The Challenge

Sometimes we may feel like digital trends are evolving so quickly that it’s impossible to keep up with them all. It can be easy to get caught up in chasing the next big thing. But the secret to keeping up in an ever-evolving digital world is one four-letter word: data — that is, metrics. When you understand which digital metrics to measure and how and why to do so, as well as tracking overall trends in the sector, you can create an effective long-term digital strategy for your nonprofit.

But how do you effectively communicate all that to your less web-savvy staff, who can’t tell an exit rate from an open rate? How do you create and execute a digital strategy based on what’s working and have the proof to back it up while avoiding opening a Pandora’s box of data on unprepared staff? The last things you want to do are confuse or frustrate them and then, eventually, fail to get the buy-in you need for future projects. Our challenge is to determine which metrics matter and effectively explain and report these metrics to people who don’t spend all day on the web, in a way that doesn’t talk over or under them.

Strategies and Tools

There are a number of strategies and tools out there — from benchmarking and A/B testing, to infographics and spreadsheets. Wouldn’t you love to know which ones to use and how to make the most of them? Briana, Matt, and I will be on hand to share a few tips and tricks to wow your boss and colleagues at the 15NTC in March. During our workshop, we’ll walk through effective strategies and tools for communicating digital metrics to non-tech-savvy staff. We’ll use case studies of successes and failures from our work and yours. We’ll also dive a bit into Google Analytics, Facebook, Twitter, email platforms, and URL shorteners to discuss how to make the most of them.

Recommendations

At the heart of all effective communication is a solid understanding of your audience and the best way to connect with them. Once you understand a bit about which metrics to capture and how to use some of the tools and strategies we’ll discuss, we’ll walk through some tips and recommendations for communicating effectively to your boss and other stakeholders such as the following:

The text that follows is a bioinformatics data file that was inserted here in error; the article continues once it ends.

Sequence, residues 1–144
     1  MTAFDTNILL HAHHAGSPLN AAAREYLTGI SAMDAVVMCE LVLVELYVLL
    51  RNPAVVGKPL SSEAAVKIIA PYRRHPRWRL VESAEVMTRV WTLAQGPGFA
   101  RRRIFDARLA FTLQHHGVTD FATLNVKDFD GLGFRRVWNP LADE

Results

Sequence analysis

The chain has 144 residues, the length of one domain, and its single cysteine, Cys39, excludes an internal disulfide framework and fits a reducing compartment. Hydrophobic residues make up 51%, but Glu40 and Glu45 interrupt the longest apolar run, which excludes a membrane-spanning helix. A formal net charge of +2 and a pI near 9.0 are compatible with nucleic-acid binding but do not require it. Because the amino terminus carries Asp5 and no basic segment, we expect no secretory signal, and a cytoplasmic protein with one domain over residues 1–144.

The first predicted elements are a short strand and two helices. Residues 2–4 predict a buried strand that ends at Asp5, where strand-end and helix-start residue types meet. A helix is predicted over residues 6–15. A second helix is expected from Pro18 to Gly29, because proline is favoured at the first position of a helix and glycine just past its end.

• Know your audience and key decision-makers
  • Use data to establish or strengthen stakeholder relationships and build credibility
  • Tap into your organization’s competitive nature
  • Play to individual strengths and weaknesses
  • Communicate regularly with stakeholders through mechanisms such as debriefs or “Think & Drinks”

If you’re struggling with demonstrating the value of your digital efforts or need a little help demonstrating to your boss and colleagues what an awesome job you’re doing, we invite you to join us to for an interactive and informative session on digital metrics. Here’s what you’ll come away with:

  • A better understanding of which digital metrics to measure, how, and why
  • Deeper knowledge of how to use online reporting functions from different analytics platforms
  • User-friendly analytics/report templates
  • Tips for simple and easy data visualization

We look forward to diving into digital metrics with you at this year’s NTC! Our session is Friday, March 6, 10:30am to 12:00pm.